Katja realizes why first impressions matter: In this city, actions determine appearance
I rush down the crowded street, everyone's faces reflecting the same look. An average nose, average eyes, average mouth. All completely identical. To them, I look the same.
I need to get to the library. I've only got nine minutes until it closes. I need to return the scrolls. I can't afford any more late fees.
Where the people differ is in their clothing. And, of course, by gender. There are two generic faces. One male and the other female, like mine. This caused some complaint, but it's too late to change it now. Personally, I'm happy with the choice.
I round another corner and slam into someone else. All my scrolls tumble out of my arms and roll in different directions across the sidewalk. The young man I ran into stutters an apology.
I suppose faces (and height) also differ slightly by age. You can always tell precisely how old a stranger is, just by looking at his face and stature. There are some people who are tall or short for their age too. The perception changes can't eliminate that difference completely.
"I'm so sorry," The stranger says. "Are you alright? I shouldn't have cut the corner so close."
He starts picking up scrolls from under the crowd's trampling feet. As he does his face changes. This process always intrigues me. I've only just started seeing the change.
For most people, the perception changes start occurring around age thirteen, sometimes even as early as eight. For me it didn't start until a week ago. I'm seventeen now. My mom always did say I have an open mind. I suppose that could have influenced my late changes, but my friends always said it was a glitch in the system. That I was a glitch.
As the stranger places scrolls in my arms his short, mousy brown hair lengthens and curls slightly. His cheekbones become more defined. His chin comes to a point, and his eyebrows soften. His eyes. Oh, his eyes.
Like always, his face transforms into a devastatingly handsome angel. It's supposed to be less drastic later on. But I'm rather enjoying it as it is for now.
"It was my fault really. I was rushing. Thank you." I say as he places the last scroll in my hands. "I really have to go. The library's closing. Thanks again."
I rush off. It's always sad leaving such a pretty face. But his face will stick out like a sore thumb in this crowd if I ever see him again.
With about two minutes to spare I rush into the library. I slow my pace the second I get through the door. It's not a good idea to run in the library. Your face will be forever recognized by the librarians as a disturber of the peace.
"Hello. I'd like to return these scrolls." I say as I walk up to the librarian at the counter. I think she's new. But it's hard to say since I haven't been here since the perception changes started.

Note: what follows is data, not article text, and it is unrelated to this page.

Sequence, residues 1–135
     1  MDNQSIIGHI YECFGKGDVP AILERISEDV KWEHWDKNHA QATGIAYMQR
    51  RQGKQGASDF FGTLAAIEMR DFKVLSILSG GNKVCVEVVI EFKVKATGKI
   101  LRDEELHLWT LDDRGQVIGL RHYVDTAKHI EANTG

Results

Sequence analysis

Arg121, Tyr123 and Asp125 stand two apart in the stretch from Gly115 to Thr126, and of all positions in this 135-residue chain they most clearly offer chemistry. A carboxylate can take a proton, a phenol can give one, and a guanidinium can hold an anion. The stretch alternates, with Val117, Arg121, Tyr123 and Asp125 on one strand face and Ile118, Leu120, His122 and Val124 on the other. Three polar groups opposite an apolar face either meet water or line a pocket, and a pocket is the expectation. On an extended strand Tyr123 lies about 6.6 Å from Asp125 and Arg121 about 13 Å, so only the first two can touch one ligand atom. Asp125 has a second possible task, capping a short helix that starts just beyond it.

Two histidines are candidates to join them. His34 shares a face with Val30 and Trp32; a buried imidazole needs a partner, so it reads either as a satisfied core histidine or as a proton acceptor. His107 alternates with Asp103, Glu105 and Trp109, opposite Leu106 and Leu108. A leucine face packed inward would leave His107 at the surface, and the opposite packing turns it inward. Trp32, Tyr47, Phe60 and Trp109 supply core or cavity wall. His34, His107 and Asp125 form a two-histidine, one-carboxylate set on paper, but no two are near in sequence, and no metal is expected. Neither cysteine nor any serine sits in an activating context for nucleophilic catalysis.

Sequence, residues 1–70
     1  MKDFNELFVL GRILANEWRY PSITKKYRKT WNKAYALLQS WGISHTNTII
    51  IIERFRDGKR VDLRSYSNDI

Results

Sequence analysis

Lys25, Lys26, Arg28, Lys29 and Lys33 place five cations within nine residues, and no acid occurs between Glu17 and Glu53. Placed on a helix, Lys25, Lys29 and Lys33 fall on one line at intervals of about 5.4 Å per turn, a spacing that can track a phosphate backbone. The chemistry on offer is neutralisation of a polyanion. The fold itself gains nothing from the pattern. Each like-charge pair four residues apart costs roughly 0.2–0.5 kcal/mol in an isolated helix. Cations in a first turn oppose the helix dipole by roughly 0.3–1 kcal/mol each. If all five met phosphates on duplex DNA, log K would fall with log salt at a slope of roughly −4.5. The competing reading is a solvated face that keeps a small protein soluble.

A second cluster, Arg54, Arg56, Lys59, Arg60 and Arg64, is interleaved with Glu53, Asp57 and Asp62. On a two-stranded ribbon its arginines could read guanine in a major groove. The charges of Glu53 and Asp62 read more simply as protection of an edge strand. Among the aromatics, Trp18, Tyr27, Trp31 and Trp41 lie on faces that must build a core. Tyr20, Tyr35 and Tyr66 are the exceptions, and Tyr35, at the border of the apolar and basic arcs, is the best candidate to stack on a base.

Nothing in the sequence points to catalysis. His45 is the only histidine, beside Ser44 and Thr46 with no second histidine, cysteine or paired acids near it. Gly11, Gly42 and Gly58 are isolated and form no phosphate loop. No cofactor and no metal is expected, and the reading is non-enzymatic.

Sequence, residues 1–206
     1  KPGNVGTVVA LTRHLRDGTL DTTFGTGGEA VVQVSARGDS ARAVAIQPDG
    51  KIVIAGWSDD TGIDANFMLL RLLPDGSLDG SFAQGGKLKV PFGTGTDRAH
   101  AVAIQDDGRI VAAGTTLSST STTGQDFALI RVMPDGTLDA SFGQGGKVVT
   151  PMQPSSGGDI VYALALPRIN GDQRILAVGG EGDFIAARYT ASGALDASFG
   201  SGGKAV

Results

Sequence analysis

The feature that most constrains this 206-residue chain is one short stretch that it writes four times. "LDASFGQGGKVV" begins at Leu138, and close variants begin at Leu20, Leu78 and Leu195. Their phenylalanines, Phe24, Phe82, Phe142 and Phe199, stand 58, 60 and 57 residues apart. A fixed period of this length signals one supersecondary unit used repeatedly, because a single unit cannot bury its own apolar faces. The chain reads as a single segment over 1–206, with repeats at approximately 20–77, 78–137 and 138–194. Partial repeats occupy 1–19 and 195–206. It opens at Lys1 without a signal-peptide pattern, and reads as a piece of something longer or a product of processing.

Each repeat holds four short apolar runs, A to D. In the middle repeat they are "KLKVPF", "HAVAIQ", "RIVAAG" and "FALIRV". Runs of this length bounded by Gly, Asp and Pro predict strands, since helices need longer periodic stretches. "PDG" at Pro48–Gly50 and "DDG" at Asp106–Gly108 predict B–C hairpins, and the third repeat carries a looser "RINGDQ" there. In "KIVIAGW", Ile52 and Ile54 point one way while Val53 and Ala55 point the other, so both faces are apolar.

She gives me a disproving look. I dump the armful of scrolls on the counter. They roll to both ends, but we catch them before they can roll off. I'm sure I appear hideous to her.
A few of the scrolls have been soiled from the tumble in the streets.
"We might have to charge you if we can't get the stains out."
"I understand. I'm terribly sorry."
"I just need your chip now." She says. I hold out my left wrist and she waves the scanner wand over it. My name, Katja Nattelle, flashes on the wand. "The library is now closed."
Her face, which had a few wrinkles to begin with, sags a little more than when I came in. Her nose is just a bit larger as well.
I exit out the large double doors of the library into the crowded streets once again. As I walk by the strangers, this time I walk slower. I pick out faces, one at a time, and focus on them.
The first face my eyes settle on is a woman's face. She's fairly young. Younger than me. Probably fifteen or sixteen. A hand raises to her face with a cigarette. It's so sad to see people so young smoking. Her face stretches until it is long and gaunt.
This feature was added by some health organization or other to try to deter people from smoking. From what I've heard it helped a bit, but it didn't eliminate the habit completely.
My eyes fall next on an older woman. Maybe thirty years old. She's wearing a very skimpy outfit. Her face stretches and widens until it takes on a completely disgusted look. She looks ready to kill someone, but I think that's her normal expression. What an unfortunate change. I guess that shows what I think of her outfit choice.
It's amazing how much the perception changes can show you about yourself. I always thought I'd learn many new things about the people around me. Instead I've learned much more about myself.
I look for a new face to focus on. I find it simply fascinating to see someone's facial features morph into something new.
Through the crowd I see a face slightly different from the rest. I must have encountered him before. He's middle aged. He has a nicer look to him than the other men around him. Kinder, almost. I think he's the man who helped me with my ticket at the train station.
It's funny how much easier it is to recognize people now. Strangers, that is.
When I first saw my dad after the perception changes kicked in, I didn't recognize him at all. He started out with the generic, male face.
I remember I walked down the stairs to the dining room. It was a normal day. A weekend. Dad was home from work and I had no school that day. When Dad turned around I stopped.